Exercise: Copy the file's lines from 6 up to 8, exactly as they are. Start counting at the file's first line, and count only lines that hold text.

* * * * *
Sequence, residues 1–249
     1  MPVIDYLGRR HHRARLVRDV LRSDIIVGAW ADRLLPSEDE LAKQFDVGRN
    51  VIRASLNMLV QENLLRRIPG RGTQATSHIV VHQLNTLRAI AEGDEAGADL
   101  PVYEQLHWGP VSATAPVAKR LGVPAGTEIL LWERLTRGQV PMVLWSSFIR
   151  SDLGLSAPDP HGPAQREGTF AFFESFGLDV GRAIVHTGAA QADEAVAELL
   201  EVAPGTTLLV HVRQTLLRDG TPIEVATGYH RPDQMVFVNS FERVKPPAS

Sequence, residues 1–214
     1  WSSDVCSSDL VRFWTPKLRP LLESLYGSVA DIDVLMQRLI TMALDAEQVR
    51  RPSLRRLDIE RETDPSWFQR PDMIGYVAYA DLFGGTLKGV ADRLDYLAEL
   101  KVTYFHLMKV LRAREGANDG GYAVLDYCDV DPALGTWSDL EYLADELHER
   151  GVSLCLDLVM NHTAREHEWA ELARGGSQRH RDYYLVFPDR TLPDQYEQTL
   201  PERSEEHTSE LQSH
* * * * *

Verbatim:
   201  EVAPGTTLLV HVRQTLLRDG TPIEVATGYH RPDQMVFVNS FERVKPPAS

Sequence, residues 1–214
     1  WSSDVCSSDL VRFWTPKLRP LLESLYGSVA DIDVLMQRLI TMALDAEQVR